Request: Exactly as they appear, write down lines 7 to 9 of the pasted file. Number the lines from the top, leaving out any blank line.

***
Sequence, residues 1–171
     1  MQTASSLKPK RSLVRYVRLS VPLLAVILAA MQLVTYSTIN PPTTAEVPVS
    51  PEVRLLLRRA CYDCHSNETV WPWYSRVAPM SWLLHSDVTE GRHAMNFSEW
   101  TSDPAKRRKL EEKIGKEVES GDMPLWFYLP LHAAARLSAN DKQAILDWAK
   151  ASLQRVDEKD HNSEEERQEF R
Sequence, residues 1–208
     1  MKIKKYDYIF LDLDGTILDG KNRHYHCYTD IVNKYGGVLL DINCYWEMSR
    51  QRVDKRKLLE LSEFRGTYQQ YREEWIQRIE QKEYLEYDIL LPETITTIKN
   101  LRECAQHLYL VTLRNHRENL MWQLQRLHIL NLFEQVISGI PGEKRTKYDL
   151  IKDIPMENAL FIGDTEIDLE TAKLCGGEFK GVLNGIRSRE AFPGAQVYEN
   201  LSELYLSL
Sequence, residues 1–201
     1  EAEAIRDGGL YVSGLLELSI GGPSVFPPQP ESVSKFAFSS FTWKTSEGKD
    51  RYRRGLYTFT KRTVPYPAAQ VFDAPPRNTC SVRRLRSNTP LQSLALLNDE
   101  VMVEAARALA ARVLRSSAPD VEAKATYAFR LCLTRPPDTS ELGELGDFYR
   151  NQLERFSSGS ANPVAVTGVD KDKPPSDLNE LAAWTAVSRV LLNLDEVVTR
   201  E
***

     1  MKIKKYDYIF LDLDGTILDG KNRHYHCYTD IVNKYGGVLL DINCYWEMSR
    51  QRVDKRKLLE LSEFRGTYQQ YREEWIQRIE QKEYLEYDIL LPETITTIKN
   101  LRECAQHLYL VTLRNHRENL MWQLQRLHIL NLFEQVISGI PGEKRTKYDL